War of the Rebellion: Serial 011 Page 0619 Chapter XXII. CORRESPONDENCE,ETC.-UNION.

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this side of Stevenson. I destroyed a bridge 6 miles east of Stevenson myself, and on the following day or night the enemy destroyed two bridges, the one at Stevenson, the other 8 miles this side. There is a good road in dry weather from Bellefonte to Stevenson and Bridgeport. My cavalry and scouts will scour that country and will burn the Tennessee bridge, unless guarded by a heavy force. It is rumored at Bellefonte that the enemy is attempting to rebuild the bridge which I destroyed. I will learn the facts very soon.

Having no intelligence from you as to sending boats with supplies to Tuscumbia Landing and finding it impossible to feed my division from Shelbyville without the did aid of all my regimental trains, I have ordered Colonel Turchin to keep outpost and pickets at Tuscumbia and Liegton, and to post his brigade on the hither side of Town Creek Bridge. A train runs daily from this place through Decatur, Colonel Lytle's headquarters, to Jonesborough, Colonel Turchin's headquarters. Also train leaves at 6 a.m. for Bellefonte. Thus my communications are made as perfect as practicable.

I have rebuilt the telegraph line from Huntsville to Decatur, and have it in constant use by operators from my own division. I have ordered cavalry scouts from Decatur on the road to Moulton and on the road to Somerville. My scouts from Huntsville are on the short mountain road direct to Bellefonte and on the long road leading to the most southern bend leading to Blountsville and on the road leading to Somerville.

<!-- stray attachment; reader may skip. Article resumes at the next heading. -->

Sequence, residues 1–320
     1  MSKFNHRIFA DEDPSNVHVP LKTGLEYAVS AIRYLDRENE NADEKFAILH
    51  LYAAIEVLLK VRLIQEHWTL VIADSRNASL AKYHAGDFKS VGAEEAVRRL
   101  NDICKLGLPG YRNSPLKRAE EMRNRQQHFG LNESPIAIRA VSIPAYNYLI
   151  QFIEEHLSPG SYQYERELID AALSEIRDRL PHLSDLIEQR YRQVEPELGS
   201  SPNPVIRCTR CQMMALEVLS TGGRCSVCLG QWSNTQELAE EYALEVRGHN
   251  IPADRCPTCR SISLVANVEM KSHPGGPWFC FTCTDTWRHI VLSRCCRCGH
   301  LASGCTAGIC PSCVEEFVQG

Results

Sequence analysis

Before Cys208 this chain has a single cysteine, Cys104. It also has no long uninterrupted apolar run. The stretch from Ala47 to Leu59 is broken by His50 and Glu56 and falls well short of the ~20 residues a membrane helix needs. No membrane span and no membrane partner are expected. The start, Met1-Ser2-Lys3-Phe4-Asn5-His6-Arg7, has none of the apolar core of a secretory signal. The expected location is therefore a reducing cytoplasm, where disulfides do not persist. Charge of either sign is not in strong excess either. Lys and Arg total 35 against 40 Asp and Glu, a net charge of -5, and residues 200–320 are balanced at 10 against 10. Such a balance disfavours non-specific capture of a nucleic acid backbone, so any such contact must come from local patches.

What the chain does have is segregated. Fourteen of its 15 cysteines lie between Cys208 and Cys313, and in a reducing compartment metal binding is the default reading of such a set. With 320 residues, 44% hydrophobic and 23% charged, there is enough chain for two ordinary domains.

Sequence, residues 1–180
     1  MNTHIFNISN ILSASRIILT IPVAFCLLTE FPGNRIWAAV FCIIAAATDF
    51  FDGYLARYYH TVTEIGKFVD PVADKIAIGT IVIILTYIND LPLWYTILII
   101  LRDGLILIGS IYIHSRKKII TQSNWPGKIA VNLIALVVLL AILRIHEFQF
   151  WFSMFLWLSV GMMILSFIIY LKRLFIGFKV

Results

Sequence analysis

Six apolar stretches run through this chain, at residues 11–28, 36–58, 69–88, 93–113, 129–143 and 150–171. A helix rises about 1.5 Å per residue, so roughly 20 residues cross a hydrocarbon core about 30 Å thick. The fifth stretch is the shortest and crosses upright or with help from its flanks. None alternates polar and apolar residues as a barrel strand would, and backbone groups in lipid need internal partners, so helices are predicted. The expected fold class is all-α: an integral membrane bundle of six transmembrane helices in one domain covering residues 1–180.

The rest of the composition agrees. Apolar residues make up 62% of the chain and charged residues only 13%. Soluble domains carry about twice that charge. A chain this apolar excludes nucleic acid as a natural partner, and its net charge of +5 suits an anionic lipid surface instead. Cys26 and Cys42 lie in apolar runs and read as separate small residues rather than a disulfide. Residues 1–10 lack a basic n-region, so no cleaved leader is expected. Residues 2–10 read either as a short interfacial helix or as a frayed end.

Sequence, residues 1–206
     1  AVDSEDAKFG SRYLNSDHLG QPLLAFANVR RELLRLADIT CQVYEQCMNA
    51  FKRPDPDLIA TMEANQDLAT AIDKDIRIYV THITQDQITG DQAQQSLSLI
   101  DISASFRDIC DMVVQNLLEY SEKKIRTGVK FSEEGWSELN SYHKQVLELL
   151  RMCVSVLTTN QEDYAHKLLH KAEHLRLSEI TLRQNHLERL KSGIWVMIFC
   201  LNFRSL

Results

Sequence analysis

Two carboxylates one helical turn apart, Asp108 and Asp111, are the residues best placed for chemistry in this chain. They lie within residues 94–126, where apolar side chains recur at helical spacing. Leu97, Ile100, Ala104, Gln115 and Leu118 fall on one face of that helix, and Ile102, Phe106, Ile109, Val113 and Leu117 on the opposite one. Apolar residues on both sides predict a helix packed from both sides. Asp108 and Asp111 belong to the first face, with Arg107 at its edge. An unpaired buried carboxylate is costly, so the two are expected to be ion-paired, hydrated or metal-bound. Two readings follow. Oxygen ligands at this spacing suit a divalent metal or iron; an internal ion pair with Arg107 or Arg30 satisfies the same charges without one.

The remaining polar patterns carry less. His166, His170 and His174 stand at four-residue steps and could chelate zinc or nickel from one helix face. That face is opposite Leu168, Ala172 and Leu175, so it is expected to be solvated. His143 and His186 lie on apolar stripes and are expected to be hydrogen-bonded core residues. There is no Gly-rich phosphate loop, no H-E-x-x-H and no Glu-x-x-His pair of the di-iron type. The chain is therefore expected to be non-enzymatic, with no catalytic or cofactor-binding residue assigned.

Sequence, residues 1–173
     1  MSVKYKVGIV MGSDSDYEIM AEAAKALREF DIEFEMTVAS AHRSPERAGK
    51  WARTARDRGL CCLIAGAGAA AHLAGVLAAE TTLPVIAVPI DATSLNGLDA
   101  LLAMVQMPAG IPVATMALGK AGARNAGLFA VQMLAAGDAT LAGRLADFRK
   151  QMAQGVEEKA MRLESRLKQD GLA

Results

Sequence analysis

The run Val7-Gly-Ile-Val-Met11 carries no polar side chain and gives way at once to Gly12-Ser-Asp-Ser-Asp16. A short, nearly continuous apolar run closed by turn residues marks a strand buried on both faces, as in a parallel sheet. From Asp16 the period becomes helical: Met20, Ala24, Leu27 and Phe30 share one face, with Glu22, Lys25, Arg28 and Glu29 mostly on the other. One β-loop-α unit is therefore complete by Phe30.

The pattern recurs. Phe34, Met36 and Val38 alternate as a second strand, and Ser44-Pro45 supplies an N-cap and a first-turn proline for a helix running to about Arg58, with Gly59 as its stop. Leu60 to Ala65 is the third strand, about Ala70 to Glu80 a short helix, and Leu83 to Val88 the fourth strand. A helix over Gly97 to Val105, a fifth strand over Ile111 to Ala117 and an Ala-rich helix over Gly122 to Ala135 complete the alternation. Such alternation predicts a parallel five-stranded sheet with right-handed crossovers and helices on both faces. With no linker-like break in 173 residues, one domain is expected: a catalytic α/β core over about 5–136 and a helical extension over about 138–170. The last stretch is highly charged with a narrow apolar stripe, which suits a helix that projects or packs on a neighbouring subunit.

I fear the heavy rains now falling will render the streams between this place and Fayetteville impassable. I sent a courier at daylight this morning to meet the train, and in case the water was too deep to ford to have the train move to Athens, to which point I sent a locomotive with cars this morning. On the cars I sent a small detachment of engineers to explore and put in order the road leading from a point near Elk Rivere to the turnpike at Elkton, with orders to follow the turnpike to Columbia, hoping to make this my line for supplies.

I have a deputation of citizens from Athens who express strong attachment to the Government, and will raise the old flag the moment our troops enter the town. They offer assistance in rebuilding the bridges from Elk River to Columbia, a matter of great moment, if we are to occupy Northern Alabama.

I have seized and hold the railroad from Decatur to Tuscumbia in the hope of opening communication with the main body under your command, and also in the hope of obtaining supplies by way of the by way of the river, but with so small a force no amount of vigilance or activity is sufficient to protect so long a line.

Rumors are rife that Kirby Smith, at Chattanooga, is soon to cross the river and drive us back to Nashville. If the enemy retreat from Corinth I deem it a matter of the utmost moment that I should hold my present position, which commands this whole section of the country. I wish were possible to give me force enough to strike a blow at Chattanooga. It was in the hope that this might be done that I spared the Tennessee Bridge. Even if that bridge be destroyed, the enemy may cross the river at a ferry 10 miles west of Chattanooga and in the mountains concentrate a heavy force without our knowledge. I shall await your orders with anxiety.

O. M. MITCHELL,

Brigadier-General.